Online Privacy Isn't Child's Play
The move last week by the U.S. Federal Trade Commission is drawing a strong reaction from the Web sites singled out for violating children's privacy protection rules.
Spokespeople from those Web sites said they believe the FTC's
The FTC's battle to regulate the privacy of children online, and the difficulty some Web operators have faced in complying with the regulations, perhaps only foreshadow the roadblocks operators and regulators face in dealing with privacy issues for a medium as far-reaching as the Web.
Coinciding with the one-year anniversary of the COPPA rule, the FTC
The Web operators offered children access to services such as chat rooms, free e-mail, bulletin boards, and advice columns.
The FTC claims that the sites, which are the first to be
Under COPPA, which went into effect April 21, 2000, commercial Web sites are prohibited from soliciting personal information from kids under 13 without directly notifying parents of collection practices and then obtaining permission to solicit personal information from the minors.
But spokespeople from two of the sites charged claim that guidelines on how to operate under the rule have been vague, and have expressed surprise that the FTC has taken legal action with Web operators that they feel are on the low end of the violation curve.
"In this case it was odd that they took an interpretation of the rule that was at the very least extremely aggressive," says Reed Freeman, an attorney for BigMailbox.com, who used to work at the FTC.
Karen Bokram, publisher of the Girls' Life site, says that because of the rule's vague language her company asked for guidance from the FTC on how to comply.
"They never once, despite repeated written requests for clarification, gave it to us," Bokram says.
However, Levin says that the agency has made the rules regarding COPPA clear. The agency has a Web site with the regulations posted, and offers compliance seminars, as well as a hotline and e-mail address for questions.
Despite the FTC's efforts, some sites stumbled over the new law.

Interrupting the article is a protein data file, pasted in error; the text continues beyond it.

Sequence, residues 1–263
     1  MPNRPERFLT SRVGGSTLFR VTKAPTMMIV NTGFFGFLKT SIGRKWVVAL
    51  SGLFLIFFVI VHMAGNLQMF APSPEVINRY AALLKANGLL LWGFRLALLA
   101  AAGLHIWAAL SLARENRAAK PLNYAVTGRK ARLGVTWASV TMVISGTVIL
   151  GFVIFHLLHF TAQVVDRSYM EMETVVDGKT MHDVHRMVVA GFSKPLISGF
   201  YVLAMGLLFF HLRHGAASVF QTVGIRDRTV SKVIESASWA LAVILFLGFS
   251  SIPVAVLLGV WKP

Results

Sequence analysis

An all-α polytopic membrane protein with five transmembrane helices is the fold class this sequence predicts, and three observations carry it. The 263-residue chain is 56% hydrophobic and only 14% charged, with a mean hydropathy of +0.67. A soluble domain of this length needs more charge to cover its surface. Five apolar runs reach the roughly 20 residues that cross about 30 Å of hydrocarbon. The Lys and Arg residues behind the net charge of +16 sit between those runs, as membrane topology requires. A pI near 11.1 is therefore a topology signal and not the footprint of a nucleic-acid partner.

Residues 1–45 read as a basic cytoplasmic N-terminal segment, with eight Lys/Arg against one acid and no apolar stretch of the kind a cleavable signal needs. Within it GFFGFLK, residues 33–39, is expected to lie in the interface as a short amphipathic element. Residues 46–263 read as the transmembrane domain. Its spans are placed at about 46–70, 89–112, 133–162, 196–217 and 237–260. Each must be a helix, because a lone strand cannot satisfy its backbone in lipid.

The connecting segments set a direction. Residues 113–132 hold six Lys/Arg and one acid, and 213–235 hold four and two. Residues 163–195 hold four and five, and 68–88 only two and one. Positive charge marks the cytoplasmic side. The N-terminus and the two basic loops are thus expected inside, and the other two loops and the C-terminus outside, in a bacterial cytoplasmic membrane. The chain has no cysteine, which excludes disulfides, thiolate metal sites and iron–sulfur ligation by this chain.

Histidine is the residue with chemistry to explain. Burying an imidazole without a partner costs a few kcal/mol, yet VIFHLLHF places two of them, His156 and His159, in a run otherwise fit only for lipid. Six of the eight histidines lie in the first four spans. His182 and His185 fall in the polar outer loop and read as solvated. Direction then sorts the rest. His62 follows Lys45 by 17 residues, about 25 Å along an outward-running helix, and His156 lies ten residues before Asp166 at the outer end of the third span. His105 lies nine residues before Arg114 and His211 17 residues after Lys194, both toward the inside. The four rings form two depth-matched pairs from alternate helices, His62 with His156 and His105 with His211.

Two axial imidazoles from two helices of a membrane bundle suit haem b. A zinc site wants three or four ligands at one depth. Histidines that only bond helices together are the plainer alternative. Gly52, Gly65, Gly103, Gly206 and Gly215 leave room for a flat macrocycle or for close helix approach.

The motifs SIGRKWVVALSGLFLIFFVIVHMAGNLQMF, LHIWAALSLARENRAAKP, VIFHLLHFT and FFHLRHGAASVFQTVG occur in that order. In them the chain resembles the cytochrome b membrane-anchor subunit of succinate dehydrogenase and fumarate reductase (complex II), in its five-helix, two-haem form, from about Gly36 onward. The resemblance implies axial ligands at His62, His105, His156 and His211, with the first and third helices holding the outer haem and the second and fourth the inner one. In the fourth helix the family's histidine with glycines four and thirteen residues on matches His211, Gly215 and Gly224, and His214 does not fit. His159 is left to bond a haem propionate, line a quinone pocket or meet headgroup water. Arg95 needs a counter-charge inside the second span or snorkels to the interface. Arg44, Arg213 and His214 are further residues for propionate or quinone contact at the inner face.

Levin says that in the case of mixed-audience sites, it is not enough simply to block users under 13, and essentially invite them to lie about their age.
"They must be monitored in a neutral fashion," Levin says.
Bokram admits that her site solicited personal information for change-of-address forms and poetry submissions, but says the information was not retained. Furthermore, Bokram says, Girls' Life shifted to fax-only change-of-address forms, intending to limit the information requests to adults. In the end, however, these measures did not meet guidelines.
Both Web operators settled their cases with the FTC to avoid costly litigation. Under the settlements, the Web operators must delete all personally identifying information collected from children online since the rule went into effect. The operators must also agree to comply with the COPPA rule in all future information collecting transactions.
While operators of the sites charged in the FTC's first-round clamp down on children's online privacy raise concern over the enforcement of COPPA, proponents claim that the new law has already done a great deal in furthering online privacy.
The FTC reports that the number of children's Web sites that have posted a privacy warning since the rule was applied increased from 24 percent in 1998 to 91 percent currently. A study by the Center for Media Education notes that
"We think there has been a lot of progress and we are not disheartened by a lack of compliance," Levin says. "Regulations need time to take effect."